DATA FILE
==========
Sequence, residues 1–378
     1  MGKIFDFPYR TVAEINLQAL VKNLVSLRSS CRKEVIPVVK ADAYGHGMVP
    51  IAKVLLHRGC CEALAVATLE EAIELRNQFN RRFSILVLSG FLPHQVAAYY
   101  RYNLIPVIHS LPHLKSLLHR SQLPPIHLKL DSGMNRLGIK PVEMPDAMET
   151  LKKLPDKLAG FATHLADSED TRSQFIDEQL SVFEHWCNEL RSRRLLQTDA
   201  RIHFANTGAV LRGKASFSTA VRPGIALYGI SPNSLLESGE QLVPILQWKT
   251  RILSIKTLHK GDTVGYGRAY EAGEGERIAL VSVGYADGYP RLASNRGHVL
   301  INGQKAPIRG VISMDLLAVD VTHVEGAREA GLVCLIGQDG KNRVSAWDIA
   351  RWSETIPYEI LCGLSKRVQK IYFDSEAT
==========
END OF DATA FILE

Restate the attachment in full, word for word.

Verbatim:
Sequence, residues 1–378
     1  MGKIFDFPYR TVAEINLQAL VKNLVSLRSS CRKEVIPVVK ADAYGHGMVP
    51  IAKVLLHRGC CEALAVATLE EAIELRNQFN RRFSILVLSG FLPHQVAAYY
   101  RYNLIPVIHS LPHLKSLLHR SQLPPIHLKL DSGMNRLGIK PVEMPDAMET
   151  LKKLPDKLAG FATHLADSED TRSQFIDEQL SVFEHWCNEL RSRRLLQTDA
   201  RIHFANTGAV LRGKASFSTA VRPGIALYGI SPNSLLESGE QLVPILQWKT
   251  RILSIKTLHK GDTVGYGRAY EAGEGERIAL VSVGYADGYP RLASNRGHVL
   301  INGQKAPIRG VISMDLLAVD VTHVEGAREA GLVCLIGQDG KNRVSAWDIA
   351  RWSETIPYEI LCGLSKRVQK IYFDSEAT